Gridlocked Government


California is now governed by gridlock. Its laws are shaped by a minority, under a series of rigid rules put into place over nearly a decade. The prospect for quick change in the rules or for government that can lay a solid foundation for the state’s future is not good.

For now, the gridlock is most frustrating for Democrats, who dominate both chambers of the Legislature and hold all but one statewide elective office--all but the big one, the governor’s office. But, because of the rules of the game, they have about as much effect on public policy as the average scrub jay. Republicans would be just as frustrated if they had similar majorities.

Gridlock comes primarily from the need for twothirds of the votes in either chamber to overrule a routine veto of legislation by the governor or a line-item veto of anything that he finds offensive in the state budget.


In 1978, Proposition 13 put a ceiling on property taxes. But it also extended minority rule by requiring a two-thirds vote in both the state Senate and the Assembly to raise taxes. Local governments had even less freedom; they could raise taxes only if two-thirds of their voters said yes. In 1979, Proposition 4 made it next to impossible to spend money even if taxes could be increased. Government at any level could increase spending each year only by the amount by which the consumer price index had risen.

Both of these propositions were desperation measures, approved when inflation seemed out of control and government was virtually the only place that Californians could control costs. Voters jumped at the chance. Since then most politicians have shied away from even a mention of relaxing the limits on taxes and spending enough to make room for investments in roads, libraries, health care, public education and other public services.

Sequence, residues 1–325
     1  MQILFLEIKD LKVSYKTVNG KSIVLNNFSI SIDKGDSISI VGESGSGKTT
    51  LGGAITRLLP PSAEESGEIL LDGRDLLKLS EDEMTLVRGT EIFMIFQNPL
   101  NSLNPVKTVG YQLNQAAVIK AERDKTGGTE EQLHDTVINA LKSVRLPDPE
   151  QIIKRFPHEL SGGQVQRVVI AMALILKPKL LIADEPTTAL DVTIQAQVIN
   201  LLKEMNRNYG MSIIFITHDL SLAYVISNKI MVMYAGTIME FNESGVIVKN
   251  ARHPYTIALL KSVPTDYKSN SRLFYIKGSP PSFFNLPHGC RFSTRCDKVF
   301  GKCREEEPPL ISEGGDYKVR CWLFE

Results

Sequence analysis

Inflation has subsided, but the restrictions remain, with long-range effects that voters could not have foreseen at the time. In practice the restrictions take policy out of the hands of any majority of voters by making it easy for a minority to block either new programs or changes in old programs. They also have shifted money, and therefore the power to set policy, away from local government to Sacramento. How much money a local school district will have in any given year is thus a decision that is made not in the district but, in the end, by a minority in Sacramento.

To complete the picture of gridlock, you add to these constitutional limits the growing influence of campaign contributions on Sacramento decisions--in the cases in which legislators still have the freedom to make decisions.

Working free is more complicated than breaking up gridlock that just involves automobiles, where all that it takes is the price of a pair of white gloves and a whistle.

Proposition 4, the Gann spending limit, should be abolished. At a minimum, it must be modified. The elements of Proposition 13 that deal with general taxes should be abolished, and those that deal with property taxes should be modified to put all Californians on the same footing. And the hold that big campaign contributors have on state politicians must be broken by reforms that will limit spending without violating a candidate’s First Amendment rights.


These are tall orders, made to seem taller by the unsteady nerves of most political leaders who act as though Proposition 13 was approved yesterday and as though government had all the money it needed to cope with California’s growth.

California has no choice. It cannot postpone its date with the future. And it cannot arrive in any kind of style while its government is gridlocked.